Burma

The battle of Shwedaung – the retreat of 1942

 

The Buddha with the Golden Spectacles, Shwedaung The battle of Shwedaung was a series of grim incidents during the British army’s retreat north in   March 1942.  When the British garrison evacuated Rangoon the majority headed towards Pyay (Prome). They were harried all the way by the advancing Japanese, especially from the air.

There were a series of incidents which led up to this battle – the British had  their armour and and trucks “glued” to the roads (  trains had ceased to operate) whilst the Japanese exhibited far more maneuverability  – their shock troops were lightly armed and could move fast across mountain and stream.However the allied press making the best of this dreadful situation.

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Posted on by TOBY in Asia, Burma, Myanmar, Remembrance Tour, Tours, Walking tours 4 Comments

Mandalay Palace – the old Royal capital of Burma ( Part 1) The wall and the gates

Mandalay Hill from the south

Mandalay Hill from the south

Mandalay was established in 1857 on the orders of King Mindon on the apparent prophesy that a new capital would come into existence on the 2,400th anniversary of Buddhism. In reality Mindon wished to move from the unlucky capital  Amarapura  from which since 1825 the Burmese monarchs had seen their fortunes decline, especially after two unsuccessful wars against the British.

Indeed, Burmese kings frequently changed the locations of their capital city, much to the inconvenience of their subjects. Amarapura had been the capital during the periods 1783–1821 and 1842–1857. Now it was Mandalay.

The capital was founded on Brahmin and  Buddhist principals, and a perfect match with these was made  with  Mandalay Hill being behind the proposed palace. In Beijing (Peking) they had to build a hill according to Feng Shui for the “Forbidden City”.

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Battles for Bago ( Pegu) 1942 and 1945

 

Kyait Pun Zaytawon Monastery, Bago

Kyait Pun Zaytawon Monastery, Bago

In March 1942 there was a large garrison of British Indian troops in Bago (Pegu), one of the largest remaining since the 17th Divison had been scattered and decimated at the Sittang Bridge disaster. A decision has been made not to contest Yangon(Rangoon) which was quickly evacuated and the Pegu garrison evacuated the city to join the Yangon troops heading north. The  Pegu troops included infantry and armour which met the Japanese at the towns of Paya Gyi and Hlegu , where they  were successful against the Japanese Ha-Go tanks and “sticky bomb” molotov cocktails, and they pushed through the road block erected to join the retreat north. It was a tactical victory to the British Indian troops – rare during this period.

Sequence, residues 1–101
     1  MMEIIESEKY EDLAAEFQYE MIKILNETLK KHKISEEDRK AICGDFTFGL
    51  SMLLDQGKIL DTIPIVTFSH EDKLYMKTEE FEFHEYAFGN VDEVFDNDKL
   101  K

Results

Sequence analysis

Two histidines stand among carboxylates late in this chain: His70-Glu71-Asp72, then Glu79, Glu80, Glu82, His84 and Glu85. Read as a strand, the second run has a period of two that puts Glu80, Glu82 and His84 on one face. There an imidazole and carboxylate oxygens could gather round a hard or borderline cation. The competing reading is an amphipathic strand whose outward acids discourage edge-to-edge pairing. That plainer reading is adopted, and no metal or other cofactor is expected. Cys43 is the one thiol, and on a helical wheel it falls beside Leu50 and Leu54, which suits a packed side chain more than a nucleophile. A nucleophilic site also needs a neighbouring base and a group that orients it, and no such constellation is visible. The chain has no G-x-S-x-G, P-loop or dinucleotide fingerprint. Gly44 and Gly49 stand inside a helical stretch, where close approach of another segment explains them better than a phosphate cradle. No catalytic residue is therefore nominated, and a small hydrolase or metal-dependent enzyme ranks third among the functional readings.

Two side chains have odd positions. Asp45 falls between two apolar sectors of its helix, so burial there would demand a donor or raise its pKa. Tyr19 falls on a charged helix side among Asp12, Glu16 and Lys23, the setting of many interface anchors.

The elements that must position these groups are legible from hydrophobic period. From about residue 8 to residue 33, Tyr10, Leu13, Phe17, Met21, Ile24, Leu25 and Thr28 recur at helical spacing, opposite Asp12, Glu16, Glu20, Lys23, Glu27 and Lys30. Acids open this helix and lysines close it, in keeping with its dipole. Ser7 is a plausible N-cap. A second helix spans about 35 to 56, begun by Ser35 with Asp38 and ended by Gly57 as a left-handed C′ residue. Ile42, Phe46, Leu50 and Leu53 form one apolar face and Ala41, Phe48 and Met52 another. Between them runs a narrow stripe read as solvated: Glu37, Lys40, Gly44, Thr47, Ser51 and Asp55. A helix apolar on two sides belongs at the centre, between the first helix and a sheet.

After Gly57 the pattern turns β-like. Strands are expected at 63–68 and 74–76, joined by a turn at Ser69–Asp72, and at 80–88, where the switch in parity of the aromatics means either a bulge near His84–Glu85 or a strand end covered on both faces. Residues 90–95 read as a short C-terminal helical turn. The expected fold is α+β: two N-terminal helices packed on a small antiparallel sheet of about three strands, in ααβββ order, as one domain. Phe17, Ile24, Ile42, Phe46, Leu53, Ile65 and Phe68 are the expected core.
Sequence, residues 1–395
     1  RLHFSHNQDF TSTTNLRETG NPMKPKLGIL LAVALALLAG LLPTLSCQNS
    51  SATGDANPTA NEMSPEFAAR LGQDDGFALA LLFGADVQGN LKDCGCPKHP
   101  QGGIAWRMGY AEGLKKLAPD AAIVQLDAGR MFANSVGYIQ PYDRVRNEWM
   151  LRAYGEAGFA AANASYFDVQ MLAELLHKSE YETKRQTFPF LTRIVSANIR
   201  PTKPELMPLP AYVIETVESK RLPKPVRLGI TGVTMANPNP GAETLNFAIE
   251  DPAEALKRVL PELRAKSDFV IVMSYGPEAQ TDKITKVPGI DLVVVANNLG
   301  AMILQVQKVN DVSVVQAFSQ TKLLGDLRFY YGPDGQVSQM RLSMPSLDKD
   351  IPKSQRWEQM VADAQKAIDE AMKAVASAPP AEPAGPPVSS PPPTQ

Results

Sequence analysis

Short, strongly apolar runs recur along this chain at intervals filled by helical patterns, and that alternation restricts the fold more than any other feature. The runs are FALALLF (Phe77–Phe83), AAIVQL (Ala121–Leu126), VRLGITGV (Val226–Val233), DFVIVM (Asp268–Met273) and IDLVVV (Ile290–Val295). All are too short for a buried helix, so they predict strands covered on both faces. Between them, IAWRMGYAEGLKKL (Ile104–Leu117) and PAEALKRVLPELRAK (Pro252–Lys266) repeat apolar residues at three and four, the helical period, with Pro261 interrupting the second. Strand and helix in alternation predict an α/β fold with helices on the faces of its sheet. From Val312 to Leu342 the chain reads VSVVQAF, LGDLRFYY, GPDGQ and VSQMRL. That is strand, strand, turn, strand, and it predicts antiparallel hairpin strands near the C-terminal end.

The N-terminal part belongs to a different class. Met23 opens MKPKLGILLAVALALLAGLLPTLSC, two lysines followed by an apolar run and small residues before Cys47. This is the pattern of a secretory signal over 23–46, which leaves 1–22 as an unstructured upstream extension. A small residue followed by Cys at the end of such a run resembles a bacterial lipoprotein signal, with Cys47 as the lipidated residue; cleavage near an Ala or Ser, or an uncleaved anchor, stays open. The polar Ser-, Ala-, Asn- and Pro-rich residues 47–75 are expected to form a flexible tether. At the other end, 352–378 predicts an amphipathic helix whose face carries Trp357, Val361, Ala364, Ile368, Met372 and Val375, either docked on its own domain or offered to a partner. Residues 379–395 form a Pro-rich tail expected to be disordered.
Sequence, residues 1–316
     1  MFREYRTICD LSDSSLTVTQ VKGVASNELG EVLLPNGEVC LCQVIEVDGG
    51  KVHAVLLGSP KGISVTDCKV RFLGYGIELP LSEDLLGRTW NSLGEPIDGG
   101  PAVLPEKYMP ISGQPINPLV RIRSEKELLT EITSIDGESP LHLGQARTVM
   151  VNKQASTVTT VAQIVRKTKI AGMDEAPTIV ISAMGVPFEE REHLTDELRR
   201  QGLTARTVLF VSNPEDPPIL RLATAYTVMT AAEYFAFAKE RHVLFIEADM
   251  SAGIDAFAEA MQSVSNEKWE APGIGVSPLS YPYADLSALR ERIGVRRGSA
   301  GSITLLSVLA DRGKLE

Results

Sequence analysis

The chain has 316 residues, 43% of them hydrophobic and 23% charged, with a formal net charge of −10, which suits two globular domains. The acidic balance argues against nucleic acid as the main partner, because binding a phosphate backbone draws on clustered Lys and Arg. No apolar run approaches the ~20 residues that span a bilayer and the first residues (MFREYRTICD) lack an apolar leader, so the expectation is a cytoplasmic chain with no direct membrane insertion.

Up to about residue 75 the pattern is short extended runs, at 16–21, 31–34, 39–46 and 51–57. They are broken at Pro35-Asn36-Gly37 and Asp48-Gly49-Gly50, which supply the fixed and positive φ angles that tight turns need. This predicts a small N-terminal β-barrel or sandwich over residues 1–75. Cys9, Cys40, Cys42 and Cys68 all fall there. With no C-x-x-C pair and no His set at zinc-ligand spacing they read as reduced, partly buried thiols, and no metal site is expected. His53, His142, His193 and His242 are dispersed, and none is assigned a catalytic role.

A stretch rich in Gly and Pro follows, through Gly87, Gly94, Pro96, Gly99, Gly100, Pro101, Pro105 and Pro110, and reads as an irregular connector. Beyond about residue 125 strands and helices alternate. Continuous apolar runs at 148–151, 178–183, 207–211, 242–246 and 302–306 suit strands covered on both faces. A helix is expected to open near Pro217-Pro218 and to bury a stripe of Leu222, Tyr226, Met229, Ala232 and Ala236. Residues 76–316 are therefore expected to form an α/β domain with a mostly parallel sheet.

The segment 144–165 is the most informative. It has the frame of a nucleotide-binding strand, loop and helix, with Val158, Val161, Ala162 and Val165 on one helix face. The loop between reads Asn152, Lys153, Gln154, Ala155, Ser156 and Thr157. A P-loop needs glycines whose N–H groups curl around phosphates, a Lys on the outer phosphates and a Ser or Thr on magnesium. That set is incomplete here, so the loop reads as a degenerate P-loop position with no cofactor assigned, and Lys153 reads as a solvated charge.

By April 1945 the advancing allied troops had swept away much of the resitance of the Japanese who were in disorganised retreat towards the Sittang  and Salween rivers – hoping to get to Thailand.

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Atumashi (Incomparable) Monastery in Mandalay Burma

The decorated entrance of the Atumashi Monastery

The decorated entrance of the Atumashi Monastery

King Mindon entrusted the Atumashi monastery and the monastic establishment to Pakhan Saydaw U Nandasarasirisadhammadhaja  Mahadammarajaguru as abbot.

The king visited to monastery in state and dedicated it by making a libation to the main Buddha image on 30 May 1877.

The monastery was adorned with carved figurines and floral designs, and the building was finally completed in 1878.

After the British took Mandalay it was used as a garrison church and then as a barracks.

It then suffered an even more dreadful fate.

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Posted on by TOBY in Burma, Inspirational, Myanmar, Tours, Walking tours 3 Comments